But do we view our investment of time in the same way? I don't think so. That becomes a lot more obvious when we consider the time we put into friendships, especially the friendships we make these days in social media.
Back in the days when we were young--in middle and high school-- that was the experience most of us had. Many of the people we met back in those days, students, teachers, and even some friends never amounted to more than a few years of casual friendships that didn't endure the test of time. But some did. Most of us have a few friends from our high school days who became lifelong friends. Five of my longest and closest friends came from those I met in grade 9, 10 and 11. But there were hundreds of others--maybe even thousands-- that faded off and I completely lost touch with.
Now, most of those were not ever really friends and I didn't put much time and effort into them at all. But there were more than a few that I did. Why did those not endure?
In the past, I have put a lot of time into some Facebook friends. As time has gone on, they have faded away. That happens. There are no guarantees in life. I understand that. But when it happens often enough, you have to sit back and analyze what is going on. In this way, I am trying to figure out why my time investment in these people seemed to be an unwise and a "poor" investment. And also, if it was a bad investment or not. Was it even unwise? Possibly, but I have come to take a different outlook on that. Possibly it wasn't the investment persay, but how much I invested vs. how much I got back. Possibly I put in too much when I didn't need to and shouldn't have.
My topic for my blog today: What do you get from the time you put into friendships/encounters and has it been worth it? Many secondary questions arise from that first question and I will tackle a few of those along the way.
Even if many of those that I had close personal relationships have faded completely away, I still think they were worth it. Why do I think that? Well, I did get something from them, even if the friendship did not last. I learned things by interacting and there is some value in that. I had some good times with them, some laughs. But on the whole, it wasn't the best use of my waste of time. I didn't get nearly back the investment I put in. Why is that?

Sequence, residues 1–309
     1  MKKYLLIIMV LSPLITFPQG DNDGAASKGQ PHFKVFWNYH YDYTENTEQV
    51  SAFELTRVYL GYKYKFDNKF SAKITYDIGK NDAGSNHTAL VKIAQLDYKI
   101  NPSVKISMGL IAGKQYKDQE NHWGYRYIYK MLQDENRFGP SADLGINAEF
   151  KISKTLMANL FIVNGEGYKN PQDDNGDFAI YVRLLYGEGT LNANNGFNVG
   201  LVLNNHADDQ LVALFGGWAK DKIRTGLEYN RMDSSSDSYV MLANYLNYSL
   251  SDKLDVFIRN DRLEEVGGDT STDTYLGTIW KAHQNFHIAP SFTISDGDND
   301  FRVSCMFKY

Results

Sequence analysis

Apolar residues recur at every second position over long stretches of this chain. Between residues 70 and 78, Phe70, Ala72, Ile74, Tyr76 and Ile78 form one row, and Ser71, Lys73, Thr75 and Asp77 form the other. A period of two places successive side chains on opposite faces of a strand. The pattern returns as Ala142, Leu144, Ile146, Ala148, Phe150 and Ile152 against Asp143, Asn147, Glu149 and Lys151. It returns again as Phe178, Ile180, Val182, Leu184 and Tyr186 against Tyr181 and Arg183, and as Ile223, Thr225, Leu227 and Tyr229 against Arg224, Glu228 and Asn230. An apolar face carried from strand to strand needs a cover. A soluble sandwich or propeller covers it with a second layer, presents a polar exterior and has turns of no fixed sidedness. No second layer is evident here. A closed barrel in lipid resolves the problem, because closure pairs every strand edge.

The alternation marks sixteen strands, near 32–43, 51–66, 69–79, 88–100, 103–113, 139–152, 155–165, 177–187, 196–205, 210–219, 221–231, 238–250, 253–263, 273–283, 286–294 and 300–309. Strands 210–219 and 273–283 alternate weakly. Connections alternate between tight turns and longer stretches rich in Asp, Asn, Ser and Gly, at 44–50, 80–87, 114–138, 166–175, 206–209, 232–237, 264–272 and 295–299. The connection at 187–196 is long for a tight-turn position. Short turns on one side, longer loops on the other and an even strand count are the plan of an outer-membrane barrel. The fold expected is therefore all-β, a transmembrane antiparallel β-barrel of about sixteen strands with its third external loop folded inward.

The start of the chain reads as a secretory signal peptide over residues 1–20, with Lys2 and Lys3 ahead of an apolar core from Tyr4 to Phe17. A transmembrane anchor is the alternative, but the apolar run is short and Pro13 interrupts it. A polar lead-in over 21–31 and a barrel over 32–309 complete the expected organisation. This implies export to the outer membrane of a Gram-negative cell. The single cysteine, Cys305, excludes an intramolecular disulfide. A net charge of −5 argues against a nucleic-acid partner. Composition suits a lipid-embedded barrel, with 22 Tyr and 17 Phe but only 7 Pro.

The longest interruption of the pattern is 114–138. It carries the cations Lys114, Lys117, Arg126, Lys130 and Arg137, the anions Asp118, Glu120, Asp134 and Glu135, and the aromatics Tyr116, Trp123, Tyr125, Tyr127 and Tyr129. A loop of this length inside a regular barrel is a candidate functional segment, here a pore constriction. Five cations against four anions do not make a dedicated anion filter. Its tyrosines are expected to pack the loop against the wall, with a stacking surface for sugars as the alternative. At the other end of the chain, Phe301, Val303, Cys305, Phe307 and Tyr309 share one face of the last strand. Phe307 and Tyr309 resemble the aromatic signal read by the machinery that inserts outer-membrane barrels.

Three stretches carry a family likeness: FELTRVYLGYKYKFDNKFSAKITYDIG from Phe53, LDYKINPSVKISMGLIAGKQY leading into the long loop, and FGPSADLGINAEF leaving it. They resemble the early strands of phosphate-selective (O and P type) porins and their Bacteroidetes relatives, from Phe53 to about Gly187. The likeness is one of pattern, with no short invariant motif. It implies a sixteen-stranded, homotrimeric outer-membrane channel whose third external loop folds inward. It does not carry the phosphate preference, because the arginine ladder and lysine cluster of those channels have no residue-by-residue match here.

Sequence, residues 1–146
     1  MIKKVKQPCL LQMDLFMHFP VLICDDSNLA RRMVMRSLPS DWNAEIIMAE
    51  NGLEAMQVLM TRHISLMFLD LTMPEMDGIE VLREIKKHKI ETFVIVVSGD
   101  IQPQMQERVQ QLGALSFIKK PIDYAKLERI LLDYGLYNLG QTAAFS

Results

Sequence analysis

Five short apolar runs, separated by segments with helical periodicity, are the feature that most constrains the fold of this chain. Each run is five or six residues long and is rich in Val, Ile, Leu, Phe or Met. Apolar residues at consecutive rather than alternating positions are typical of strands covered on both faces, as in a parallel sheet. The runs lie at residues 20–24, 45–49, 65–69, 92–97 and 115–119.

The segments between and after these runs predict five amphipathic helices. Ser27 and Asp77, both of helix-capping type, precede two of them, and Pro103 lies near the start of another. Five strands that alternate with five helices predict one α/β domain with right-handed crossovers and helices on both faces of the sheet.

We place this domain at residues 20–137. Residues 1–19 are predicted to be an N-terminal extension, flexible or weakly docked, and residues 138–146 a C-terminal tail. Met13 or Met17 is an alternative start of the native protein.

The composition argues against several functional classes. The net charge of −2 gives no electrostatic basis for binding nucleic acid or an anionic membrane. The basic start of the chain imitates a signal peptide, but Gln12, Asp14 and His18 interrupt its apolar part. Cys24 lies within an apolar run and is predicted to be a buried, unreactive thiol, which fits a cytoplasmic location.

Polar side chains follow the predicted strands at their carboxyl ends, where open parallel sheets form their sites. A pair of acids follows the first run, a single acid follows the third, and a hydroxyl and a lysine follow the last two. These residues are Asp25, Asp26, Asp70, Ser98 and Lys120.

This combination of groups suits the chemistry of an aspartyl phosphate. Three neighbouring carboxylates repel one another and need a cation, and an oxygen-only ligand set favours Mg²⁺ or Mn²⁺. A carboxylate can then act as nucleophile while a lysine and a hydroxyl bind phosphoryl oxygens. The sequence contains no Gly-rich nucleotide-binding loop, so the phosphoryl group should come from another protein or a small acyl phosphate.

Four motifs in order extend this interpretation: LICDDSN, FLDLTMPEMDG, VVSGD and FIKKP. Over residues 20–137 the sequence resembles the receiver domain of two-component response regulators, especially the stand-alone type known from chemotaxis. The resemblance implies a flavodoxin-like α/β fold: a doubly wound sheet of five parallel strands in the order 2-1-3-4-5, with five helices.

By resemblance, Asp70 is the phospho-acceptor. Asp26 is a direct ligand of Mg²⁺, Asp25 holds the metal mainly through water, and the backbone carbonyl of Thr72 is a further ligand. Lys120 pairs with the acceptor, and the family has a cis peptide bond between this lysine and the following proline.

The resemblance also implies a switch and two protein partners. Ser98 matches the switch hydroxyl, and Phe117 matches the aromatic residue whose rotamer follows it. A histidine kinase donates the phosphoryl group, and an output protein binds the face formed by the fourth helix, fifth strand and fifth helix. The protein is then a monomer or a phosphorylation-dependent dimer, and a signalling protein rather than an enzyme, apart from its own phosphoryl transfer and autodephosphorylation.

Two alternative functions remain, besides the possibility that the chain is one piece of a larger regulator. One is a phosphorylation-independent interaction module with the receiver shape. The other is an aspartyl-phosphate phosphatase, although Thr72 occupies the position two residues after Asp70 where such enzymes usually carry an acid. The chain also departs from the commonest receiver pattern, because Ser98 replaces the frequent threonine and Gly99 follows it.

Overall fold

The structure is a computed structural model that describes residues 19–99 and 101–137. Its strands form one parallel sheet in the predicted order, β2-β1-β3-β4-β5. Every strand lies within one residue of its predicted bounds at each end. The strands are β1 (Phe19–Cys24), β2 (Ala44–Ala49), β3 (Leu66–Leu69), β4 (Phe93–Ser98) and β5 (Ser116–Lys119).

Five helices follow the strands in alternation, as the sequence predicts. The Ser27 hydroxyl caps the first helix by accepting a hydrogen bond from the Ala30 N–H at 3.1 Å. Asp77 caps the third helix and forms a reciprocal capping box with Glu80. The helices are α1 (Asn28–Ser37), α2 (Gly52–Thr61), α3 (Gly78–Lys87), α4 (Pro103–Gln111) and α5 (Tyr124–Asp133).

To figure that out, I went back in my mind to those from my past, in real life, who came and went but were memorable and fairly significant.
In high school I met a guy named Chris in Grade 9 close to the first day of high school. I had just moved from Montreal and he from Winnipeg and neither of us knew anybody. We both loved hockey, most sports and board games and we spent a lot of time doing all of those things. We even went to Pro Hockey games and watched football on Thanksgiving together. He knew my parents well and I knew his. This lasted for one year. The next year he moved away. That happens. His father was in the Army, so he got re-posted all over the place on very short notice. I lost touch with him until last year when he found me on Facebook. Thus the power of Facebook. Finding old friends. It is probably the reason most of us started on Facebook. It was mine. But the reality of life is that people move away for various reasons. You can't start to second guess your decision to spend time with someone based on it. It lasts as long as it lasts and if life gets in the way then it does. If the connection is very strong, you will find a way to stay connected. Some friendships are meant to be brief for whatever reason and possibly if Chris had not moved away we would have drifted apart anyway, as happened with my next friend.